Smithsonian’s genetics exhibit inspires mixed review

NewScientist Smithsonian
Image via New Scientist. Credit: Donald E. Hurlbert and James di Loreto/Smithsonian

Dehydrated DNA isn’t much to look at. Yet it unites humans, animals, plants, fungi and microorganisms, making them what they are.

Building an engaging show around something that is crucial and yet fundamentally unexciting to look at is a brave and problematic endeavor. The organizers of the Smithsonian Institution’s exhibition called Genome: Unlocking Life’s Code try hard to compensate for the visual shortcomings of their subject, offering lessons in how the human genome relates to our health, medicine and ethics, and how the genomes of humans and other creatures compare.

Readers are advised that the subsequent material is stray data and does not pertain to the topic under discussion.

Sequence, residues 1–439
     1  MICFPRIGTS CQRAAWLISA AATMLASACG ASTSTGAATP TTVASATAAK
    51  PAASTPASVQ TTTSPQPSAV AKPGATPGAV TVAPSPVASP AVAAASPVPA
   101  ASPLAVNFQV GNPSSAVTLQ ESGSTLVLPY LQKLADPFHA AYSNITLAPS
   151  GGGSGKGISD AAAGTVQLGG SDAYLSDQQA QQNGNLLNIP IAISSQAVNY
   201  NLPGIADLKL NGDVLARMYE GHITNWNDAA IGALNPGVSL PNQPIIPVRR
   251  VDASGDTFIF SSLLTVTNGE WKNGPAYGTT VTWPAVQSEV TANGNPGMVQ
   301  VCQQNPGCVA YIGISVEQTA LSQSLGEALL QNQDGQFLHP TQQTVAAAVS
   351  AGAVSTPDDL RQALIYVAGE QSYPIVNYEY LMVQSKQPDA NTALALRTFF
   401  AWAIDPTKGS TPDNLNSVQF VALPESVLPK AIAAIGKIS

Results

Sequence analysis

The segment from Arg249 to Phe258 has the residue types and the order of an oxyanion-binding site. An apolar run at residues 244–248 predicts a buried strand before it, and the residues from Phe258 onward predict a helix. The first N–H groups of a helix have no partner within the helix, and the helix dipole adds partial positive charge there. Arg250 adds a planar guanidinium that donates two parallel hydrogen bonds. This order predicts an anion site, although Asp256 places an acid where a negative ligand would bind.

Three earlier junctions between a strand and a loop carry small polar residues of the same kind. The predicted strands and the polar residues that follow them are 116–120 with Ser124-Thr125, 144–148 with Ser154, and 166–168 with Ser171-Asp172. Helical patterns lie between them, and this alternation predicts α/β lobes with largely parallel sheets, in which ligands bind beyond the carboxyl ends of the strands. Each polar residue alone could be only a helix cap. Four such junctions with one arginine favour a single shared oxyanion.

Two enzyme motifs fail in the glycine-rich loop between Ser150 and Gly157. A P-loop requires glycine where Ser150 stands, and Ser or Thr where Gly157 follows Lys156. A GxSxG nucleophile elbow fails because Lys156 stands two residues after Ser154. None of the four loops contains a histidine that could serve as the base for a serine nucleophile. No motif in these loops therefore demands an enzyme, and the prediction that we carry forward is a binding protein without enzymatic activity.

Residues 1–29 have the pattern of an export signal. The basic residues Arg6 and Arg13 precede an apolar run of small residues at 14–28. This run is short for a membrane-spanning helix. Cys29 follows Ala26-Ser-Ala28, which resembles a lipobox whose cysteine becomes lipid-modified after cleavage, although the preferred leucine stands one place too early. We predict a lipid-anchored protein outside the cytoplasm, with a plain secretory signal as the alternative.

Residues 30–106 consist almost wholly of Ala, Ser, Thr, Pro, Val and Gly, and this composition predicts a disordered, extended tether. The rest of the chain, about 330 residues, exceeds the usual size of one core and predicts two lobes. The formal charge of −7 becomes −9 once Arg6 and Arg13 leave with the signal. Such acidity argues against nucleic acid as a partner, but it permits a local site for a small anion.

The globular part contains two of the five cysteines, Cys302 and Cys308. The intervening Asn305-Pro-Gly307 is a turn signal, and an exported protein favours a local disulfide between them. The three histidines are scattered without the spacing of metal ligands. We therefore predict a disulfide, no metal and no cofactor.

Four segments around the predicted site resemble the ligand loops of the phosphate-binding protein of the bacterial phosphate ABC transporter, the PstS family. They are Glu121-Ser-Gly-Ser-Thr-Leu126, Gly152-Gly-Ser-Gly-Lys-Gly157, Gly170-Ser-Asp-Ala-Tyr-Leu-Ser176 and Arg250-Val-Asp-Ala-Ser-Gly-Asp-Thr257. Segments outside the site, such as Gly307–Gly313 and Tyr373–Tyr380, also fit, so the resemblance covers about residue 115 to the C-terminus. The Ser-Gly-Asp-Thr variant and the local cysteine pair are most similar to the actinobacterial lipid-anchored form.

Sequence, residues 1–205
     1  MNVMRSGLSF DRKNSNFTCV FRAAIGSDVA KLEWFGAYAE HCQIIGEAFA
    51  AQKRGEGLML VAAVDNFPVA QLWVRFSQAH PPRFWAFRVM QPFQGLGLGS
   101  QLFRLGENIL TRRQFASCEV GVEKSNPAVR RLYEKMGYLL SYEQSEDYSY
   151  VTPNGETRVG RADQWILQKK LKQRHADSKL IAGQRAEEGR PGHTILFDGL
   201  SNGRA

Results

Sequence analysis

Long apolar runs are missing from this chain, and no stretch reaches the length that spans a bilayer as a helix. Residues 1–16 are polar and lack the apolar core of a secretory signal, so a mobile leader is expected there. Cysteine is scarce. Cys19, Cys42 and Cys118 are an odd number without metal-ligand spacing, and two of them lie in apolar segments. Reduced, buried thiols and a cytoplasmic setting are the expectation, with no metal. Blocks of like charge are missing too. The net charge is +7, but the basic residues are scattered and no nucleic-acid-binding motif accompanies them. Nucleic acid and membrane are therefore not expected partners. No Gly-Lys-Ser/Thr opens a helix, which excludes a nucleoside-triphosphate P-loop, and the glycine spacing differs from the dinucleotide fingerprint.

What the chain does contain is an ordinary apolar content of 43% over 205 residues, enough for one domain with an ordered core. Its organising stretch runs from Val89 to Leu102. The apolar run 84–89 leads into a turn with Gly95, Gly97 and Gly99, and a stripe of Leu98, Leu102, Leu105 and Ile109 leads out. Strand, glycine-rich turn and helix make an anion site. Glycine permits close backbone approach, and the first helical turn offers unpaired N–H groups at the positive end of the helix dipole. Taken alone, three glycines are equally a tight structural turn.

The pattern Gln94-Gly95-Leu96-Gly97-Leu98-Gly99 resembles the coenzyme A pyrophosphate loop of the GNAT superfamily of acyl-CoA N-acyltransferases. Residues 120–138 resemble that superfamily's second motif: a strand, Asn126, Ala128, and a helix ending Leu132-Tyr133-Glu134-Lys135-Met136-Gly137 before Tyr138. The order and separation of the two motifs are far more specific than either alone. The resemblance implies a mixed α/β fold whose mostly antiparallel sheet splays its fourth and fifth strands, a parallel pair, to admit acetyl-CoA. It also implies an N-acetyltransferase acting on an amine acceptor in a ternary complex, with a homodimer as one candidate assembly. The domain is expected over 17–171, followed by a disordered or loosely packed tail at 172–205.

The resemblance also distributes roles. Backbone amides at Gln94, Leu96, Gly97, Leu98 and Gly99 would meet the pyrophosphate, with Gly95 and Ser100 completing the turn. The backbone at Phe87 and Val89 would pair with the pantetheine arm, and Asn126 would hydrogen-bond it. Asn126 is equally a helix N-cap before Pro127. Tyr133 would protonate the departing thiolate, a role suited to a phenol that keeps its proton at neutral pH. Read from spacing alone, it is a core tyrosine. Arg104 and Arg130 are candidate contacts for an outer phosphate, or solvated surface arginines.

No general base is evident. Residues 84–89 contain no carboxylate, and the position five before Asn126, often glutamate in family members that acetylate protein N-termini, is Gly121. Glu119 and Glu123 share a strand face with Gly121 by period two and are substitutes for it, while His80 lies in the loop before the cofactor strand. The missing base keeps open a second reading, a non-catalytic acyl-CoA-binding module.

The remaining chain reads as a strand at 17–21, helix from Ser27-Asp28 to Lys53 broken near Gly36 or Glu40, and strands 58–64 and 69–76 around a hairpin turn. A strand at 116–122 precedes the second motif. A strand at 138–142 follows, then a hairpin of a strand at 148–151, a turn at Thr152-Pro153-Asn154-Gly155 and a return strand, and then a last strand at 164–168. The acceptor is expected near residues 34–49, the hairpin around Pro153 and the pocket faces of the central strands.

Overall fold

But the exhibit’s explanations of how the human genome actually works flounder.

Read the full, original story here: DNA fails to take off

Additional Resources:

  • Genome: Unlocking Life’s Code, Smithsonian Institution
    Learn about the Human Genome Project and click through materials at the exhibition website.
  • Science marches on,” Washington Post
    In this article, the reviewer offers a more positive review, and notes that the exhibit raises more questions than it answers–not necessarily a negative in a museum exhibit.
  • Our Lives on a String,” Wall Street Journal
    Julia Klein links the complexity of questions raised in the exhibition to the complex questions raised by June’s supreme court ruling on gene patents.
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